5. In Part II of Moving Forward, here is how the defense breaks down compared to 2013. Once again this is a 2014 mid-season comparison to the 2013 completed season, so the rankings are skewed to a degree. However, it does give us a general idea of how much the defense has appeared to have improved. The national rankings... Overall we see an average ranking of No. 33 nationally from the 15 statistical categories, compared to the No. 62 average ranking in 2013. Auburn is currently in the top-25 of 7 of the 15 categories, with a 34-point + swing in 8 categories. The most notable turnarounds comes in the forced-turnovers, limiting of big plays allowed, total defense and pass-efficiency defense. There are no glaring drops in defense, with RZ TD percentage being the worst drop in production. There was a drop in pass-efficiency defense and third-down percentage but both categories at least remain in the nation's top-25. The yards allowed per play on first-down can be contributed to the No. 87 ranking in pass-efficiency defense on first-down. There should be no doubt the defense has continued to improve this season but the DL remains a concern in terms of establishing a pass-rush. With Auburn having to face 5 remaining opponents currently averaging over 430-yards per game on offense, the defense is about to be truly challenged to close out the regular season. Though Ellis Johnson has looked at some possible personnel changes (during bye-week) to give the Tigers some additional speed on the edge, I believe Auburn is limited to what they can improve upon in regards to the pass-rush from the front-4. The key for the remainder of the season will be the continued trend of forcing turnovers, limiting big plays and playing well on pass-defense. Climbing back into the top-20 of RZ TD Pct would be a major plus for the Auburn defense moving forward.
  6. Through the first 5 games of the season, Auburn made up for their lack of a pass-rush from their front-4, with a variety of blitzes. Against Mississippi State, Auburn's blitzes were always a step behind resulting in only 4 quarterback hurries and 1 sack. Through 6 games the Auburn DL is responsible for only 58.1% of the teams quarterback hurries and 50% of the team's sacks. Last season the DL was responsible for 92.2% of the sacks and 83.6% of the team's quarterback hurries. Angelo Blackson recorded his first sack of the season against Mississippi State, which is today's clipbit. The play... On this play MSU faces a 3rd & 9 from their own 27-yard line. The Bulldogs will come out in a 5-WR set. Auburn will counter with a 4-man rush, executing a twist with their DT's, At the snap Ben Bradley will loop over Angelo Blackson as Gimel President comes on a speed-rush over top. Angelo Blackson will break through inside, forcing the MSU QB to scramble. Prescott attempts to take off up the middle but Ben Bradley has solid gap containment, forcing Prescott to scramble outside the pocket. Angelo Blackson continues his track to the QB, running him down from behind for the sack. Gabe Wright (7) and Elijah Daniel (6) are the current leaders among the DL in QB hurries and DaVonte Lambert is the only DL with more than 1 sack this season.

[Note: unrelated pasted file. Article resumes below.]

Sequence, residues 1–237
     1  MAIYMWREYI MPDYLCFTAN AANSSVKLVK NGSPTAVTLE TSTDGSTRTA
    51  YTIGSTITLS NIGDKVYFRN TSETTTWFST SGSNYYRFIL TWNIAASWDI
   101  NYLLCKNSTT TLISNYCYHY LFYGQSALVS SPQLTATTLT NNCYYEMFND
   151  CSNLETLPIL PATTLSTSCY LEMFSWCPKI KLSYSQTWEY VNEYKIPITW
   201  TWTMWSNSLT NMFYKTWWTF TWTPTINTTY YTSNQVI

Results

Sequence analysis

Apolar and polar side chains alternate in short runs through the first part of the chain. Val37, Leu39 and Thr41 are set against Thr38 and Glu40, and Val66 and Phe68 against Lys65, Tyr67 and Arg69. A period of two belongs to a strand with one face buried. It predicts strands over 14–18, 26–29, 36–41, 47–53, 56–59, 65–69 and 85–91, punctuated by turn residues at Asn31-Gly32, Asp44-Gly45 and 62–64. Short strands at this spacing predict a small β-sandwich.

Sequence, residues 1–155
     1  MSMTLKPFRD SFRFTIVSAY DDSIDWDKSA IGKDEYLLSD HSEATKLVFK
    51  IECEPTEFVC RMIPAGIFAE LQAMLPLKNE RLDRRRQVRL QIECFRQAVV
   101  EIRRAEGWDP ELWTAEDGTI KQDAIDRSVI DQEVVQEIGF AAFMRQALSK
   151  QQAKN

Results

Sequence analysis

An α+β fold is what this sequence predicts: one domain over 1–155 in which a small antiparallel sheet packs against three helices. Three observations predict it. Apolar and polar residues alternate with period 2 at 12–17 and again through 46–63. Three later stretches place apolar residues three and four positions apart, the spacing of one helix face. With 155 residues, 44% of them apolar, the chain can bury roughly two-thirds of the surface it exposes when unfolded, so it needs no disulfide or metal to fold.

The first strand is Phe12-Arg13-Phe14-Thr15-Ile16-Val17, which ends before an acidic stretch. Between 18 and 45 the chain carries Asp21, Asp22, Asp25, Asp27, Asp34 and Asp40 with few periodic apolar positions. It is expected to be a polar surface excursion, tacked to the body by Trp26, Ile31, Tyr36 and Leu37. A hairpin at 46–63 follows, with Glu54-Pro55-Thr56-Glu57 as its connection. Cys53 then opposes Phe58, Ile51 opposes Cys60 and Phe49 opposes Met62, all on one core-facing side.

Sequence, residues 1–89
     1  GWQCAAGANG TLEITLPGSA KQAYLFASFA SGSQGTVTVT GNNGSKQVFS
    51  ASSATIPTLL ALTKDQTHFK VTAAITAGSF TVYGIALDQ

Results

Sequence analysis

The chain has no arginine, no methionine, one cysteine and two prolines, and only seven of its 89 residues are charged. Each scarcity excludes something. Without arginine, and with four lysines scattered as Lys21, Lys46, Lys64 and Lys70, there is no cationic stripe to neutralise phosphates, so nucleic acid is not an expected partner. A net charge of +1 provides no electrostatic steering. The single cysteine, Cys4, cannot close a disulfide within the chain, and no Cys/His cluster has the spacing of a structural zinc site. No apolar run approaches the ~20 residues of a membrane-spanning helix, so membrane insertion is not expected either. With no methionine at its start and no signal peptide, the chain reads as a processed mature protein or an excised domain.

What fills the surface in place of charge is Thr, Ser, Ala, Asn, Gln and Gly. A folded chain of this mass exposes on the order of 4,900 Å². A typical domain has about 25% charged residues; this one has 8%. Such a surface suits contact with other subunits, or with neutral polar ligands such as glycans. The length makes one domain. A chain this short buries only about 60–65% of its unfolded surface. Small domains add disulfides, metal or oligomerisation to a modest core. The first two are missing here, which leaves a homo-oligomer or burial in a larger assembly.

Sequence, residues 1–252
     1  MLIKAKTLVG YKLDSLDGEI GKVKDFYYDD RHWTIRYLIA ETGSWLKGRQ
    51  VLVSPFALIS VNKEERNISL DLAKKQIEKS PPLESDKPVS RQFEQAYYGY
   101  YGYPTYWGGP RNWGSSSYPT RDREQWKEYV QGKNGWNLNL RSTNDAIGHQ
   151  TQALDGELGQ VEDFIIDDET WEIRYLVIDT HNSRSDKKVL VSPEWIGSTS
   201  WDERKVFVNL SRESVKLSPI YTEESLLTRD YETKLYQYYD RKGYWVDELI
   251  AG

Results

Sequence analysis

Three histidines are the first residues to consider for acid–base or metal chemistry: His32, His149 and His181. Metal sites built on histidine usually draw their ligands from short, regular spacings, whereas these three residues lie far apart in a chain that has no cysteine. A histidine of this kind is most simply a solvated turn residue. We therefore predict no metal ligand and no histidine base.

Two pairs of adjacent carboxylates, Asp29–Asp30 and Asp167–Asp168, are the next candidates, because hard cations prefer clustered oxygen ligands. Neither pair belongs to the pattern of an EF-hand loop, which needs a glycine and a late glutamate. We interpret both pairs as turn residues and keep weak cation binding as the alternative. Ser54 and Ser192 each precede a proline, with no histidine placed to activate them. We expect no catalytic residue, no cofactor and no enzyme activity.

7. Prior to this season, the Auburn defense had allowed an average of 182.7 yards rushing per game from 2011-2013. During that 39-game run, Auburn allowed the opponent to rush for over 200-yards, 18 times. Ellis Johnson made run-defense a high priority, when he arrived at Auburn and we are beginning to see the results. During the 2012 season Auburn finished at No. 100 in run-defense. The Tigers improved to No. 63 last season under Ellis Johnson and are currently No. 11 after 3 games into the 2014 season. Tackling has improved dramatically and the players appear far more comfortable in year #2 under Ellis Johnson. The Play... On this play Kansas State has the ball at their own 46-yard line, facing a 2nd & 2. The Wildcats will attempt to run a counter-trey to the boundary side of the field. Auburn has 7 men in the box to defend what is likely going to be a run play. The key to defending this play is LaDarius Owens. He has backside responsibility to defend any cut backs by the RB and the quarterback, should he play-action and bootleg. When the KSU running back makes his cutback, Owens is in position to force the play deep and wide. This allows Johnathan Ford and Kris Frost time and space to run the play down. Rudy Ford closes and makes the tackle on the RB for a loss, forcing a passing situation on 3rd down. Though the DL only accounted for 9 tackles against the Wildcats, the numbers are misleading, when judging the performance of the Auburn DL. In this case, Owens is not credited for a tackle on this play but he was the primary reason why the play resulted in a loss. Through 3 games the Auburn defense is holding their opponent to 59 percent below their rushing average. You cannot establish that kind of production without the DL playing well.